In general the KBO News report summarized it correctly, but there are some additional facts alleged here (in addition to more horrible details of what the police allegedly put him through). These are just the allegations in the complaint, remember, although according to KBO the medical records do confirm the plaintiff's allegations about the procedures done.
First, the complaint also alleges claims based on a different incident last year, when the plaintiff was stopped in his home county (Hidalgo) for having a cracked windshield. Because he "looked nervous," other officers were called and a drug-sniffing dog brought in. No drugs were found.
Second, the more recent stop in Luna County allegedly was quite a team event, involving officers from multiple jurisdictions and possibly a separate drug task force. According to the complaint, the officer who stopped the plaintiff hadn't actually seen the traffic violation, he got a call about it from another officer. Since the violation was failure to yield at a stop sign, why wouldn't the officer who saw it make the stop himself? We don't know yet.
Third, here are the facts that allegedly justified the warrant (still looking for the affidavit itself):
- Eckert was ordered out of the car, and that's when the alleged butt-clenching was noticed. Specifically, it says the officers claimed his "posture was erect and he kept his legs together," which is not exactly the same thing. (Yes, I just tried it.)
- At that point a sniffer dog was brought in—which turned out, oddly enough, to be the same dog from the 2012 stop. It supposedly "alerted" to the seat of Eckert's car.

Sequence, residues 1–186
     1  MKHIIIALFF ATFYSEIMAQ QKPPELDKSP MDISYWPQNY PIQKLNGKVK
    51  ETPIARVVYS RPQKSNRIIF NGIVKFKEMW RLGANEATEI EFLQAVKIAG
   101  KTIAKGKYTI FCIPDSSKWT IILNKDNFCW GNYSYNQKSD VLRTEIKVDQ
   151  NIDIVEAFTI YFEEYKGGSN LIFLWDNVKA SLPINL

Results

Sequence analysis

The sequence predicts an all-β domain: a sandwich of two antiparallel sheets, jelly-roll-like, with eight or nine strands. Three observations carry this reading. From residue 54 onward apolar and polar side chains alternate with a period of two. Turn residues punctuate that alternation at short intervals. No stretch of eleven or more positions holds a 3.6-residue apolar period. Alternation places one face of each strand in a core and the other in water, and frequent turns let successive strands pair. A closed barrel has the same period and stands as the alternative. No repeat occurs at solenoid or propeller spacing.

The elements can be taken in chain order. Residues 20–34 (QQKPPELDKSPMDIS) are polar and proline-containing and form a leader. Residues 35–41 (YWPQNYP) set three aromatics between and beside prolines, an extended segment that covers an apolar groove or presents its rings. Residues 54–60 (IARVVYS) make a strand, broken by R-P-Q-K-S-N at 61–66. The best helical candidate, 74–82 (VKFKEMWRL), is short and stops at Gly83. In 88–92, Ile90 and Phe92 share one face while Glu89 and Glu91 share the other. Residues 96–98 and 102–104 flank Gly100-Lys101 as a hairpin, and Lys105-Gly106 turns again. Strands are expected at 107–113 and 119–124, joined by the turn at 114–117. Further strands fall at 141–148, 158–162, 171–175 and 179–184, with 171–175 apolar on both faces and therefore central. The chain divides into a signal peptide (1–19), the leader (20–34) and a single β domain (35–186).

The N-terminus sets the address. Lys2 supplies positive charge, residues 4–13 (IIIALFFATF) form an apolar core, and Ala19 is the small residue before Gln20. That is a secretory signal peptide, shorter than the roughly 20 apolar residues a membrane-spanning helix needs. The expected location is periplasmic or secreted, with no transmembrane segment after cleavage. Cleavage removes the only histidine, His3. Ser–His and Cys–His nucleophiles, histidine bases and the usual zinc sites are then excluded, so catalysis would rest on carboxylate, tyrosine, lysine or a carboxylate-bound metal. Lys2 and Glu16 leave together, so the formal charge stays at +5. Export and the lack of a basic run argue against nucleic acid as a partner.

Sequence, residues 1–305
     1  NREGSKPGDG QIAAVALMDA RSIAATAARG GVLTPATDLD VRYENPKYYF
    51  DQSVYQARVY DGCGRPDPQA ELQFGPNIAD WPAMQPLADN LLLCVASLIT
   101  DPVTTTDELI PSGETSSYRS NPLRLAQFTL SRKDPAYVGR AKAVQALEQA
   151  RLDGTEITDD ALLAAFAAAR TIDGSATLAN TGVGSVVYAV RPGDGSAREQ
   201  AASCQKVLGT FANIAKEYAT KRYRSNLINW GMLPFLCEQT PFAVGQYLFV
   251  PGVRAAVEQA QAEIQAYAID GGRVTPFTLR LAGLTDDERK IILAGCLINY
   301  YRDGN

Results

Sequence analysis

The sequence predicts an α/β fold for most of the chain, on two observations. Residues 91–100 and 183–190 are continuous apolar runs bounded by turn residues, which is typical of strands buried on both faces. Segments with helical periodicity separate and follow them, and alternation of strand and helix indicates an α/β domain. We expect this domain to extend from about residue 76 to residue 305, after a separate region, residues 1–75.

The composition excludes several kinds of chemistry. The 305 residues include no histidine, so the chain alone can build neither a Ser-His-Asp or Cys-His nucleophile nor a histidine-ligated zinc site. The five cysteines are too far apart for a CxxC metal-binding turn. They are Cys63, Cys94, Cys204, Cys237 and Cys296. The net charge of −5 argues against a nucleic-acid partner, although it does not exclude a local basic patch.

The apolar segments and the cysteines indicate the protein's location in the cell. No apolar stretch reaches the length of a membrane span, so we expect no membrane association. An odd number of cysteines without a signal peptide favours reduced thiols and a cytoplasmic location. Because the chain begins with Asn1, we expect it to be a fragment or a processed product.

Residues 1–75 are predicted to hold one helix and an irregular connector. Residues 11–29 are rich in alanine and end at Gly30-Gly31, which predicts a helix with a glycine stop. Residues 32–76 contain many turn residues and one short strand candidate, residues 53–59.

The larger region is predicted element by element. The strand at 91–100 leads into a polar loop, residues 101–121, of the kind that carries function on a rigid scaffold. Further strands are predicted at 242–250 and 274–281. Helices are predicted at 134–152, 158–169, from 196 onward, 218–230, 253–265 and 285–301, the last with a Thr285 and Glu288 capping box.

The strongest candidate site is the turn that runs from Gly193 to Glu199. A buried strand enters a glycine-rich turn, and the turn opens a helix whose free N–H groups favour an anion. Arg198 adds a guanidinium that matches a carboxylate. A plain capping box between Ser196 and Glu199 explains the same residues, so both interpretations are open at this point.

- The third piece of "evidence," apparently, was that officers from Hidalgo County—which is not where the stop took place—told the first group that Eckert was "known in Hidalgo County to insert drugs into his anal cavity." "Known" by whom? Learned how? How and why did these officers get involved in a traffic stop in a different county? All good questions.
Fourth, the complaint alleges the plaintiff was held for 15 hours. The stop was sometime before 2 p.m., and he was not released until 5 a.m. the next day, after being probed for several of those hours.
Let's say police stop someone they know to be a major drug dealer, previously convicted, maybe even a "kingpin." As far as I know there is no evidence Eckert is such a person, nor do I think the officers believed he was, just because if I were a drug kingpin I sure as hell wouldn't be carrying the drugs in my butt. You hire someone else to do that. But let's say they stop someone who is a real bad guy. Or they even have a tip that he's got drugs in the car, and they've been trying to get him for years.
It wouldn't matter. The Constitution and laws have to apply regardless of who the defendant is or else they don't do the rest of us any good. And we don't know, maybe these cops just didn't like the guy. Maybe he's just the wrong race or likes the wrong sports team or slept with somebody's wife. Whatever the reason, they (allegedly) picked up a guy on a pretext and talked a couple of doctors into searching his bowels all night long. Think about that one for a few minutes, if you can stand it.
Then consider whether the "War on Drugs" and its even creepier pal the "War on Terror," which have consistently eroded the rules that are supposed to protect us from this kind of thing, are really worthwhile.
I know what I think, so I'll just be over here practicing how to stand upright in a very relaxed position.
Update: KOB News now says it has found another person with a very similar story: traffic stop, same dog, same medical center, similar probing, same result (nothing). Also, although searches with dogs are often tainted by signals the dogs get from their handlers, KOB says this particular dog has not been certified to sniff in New Mexico since 2011.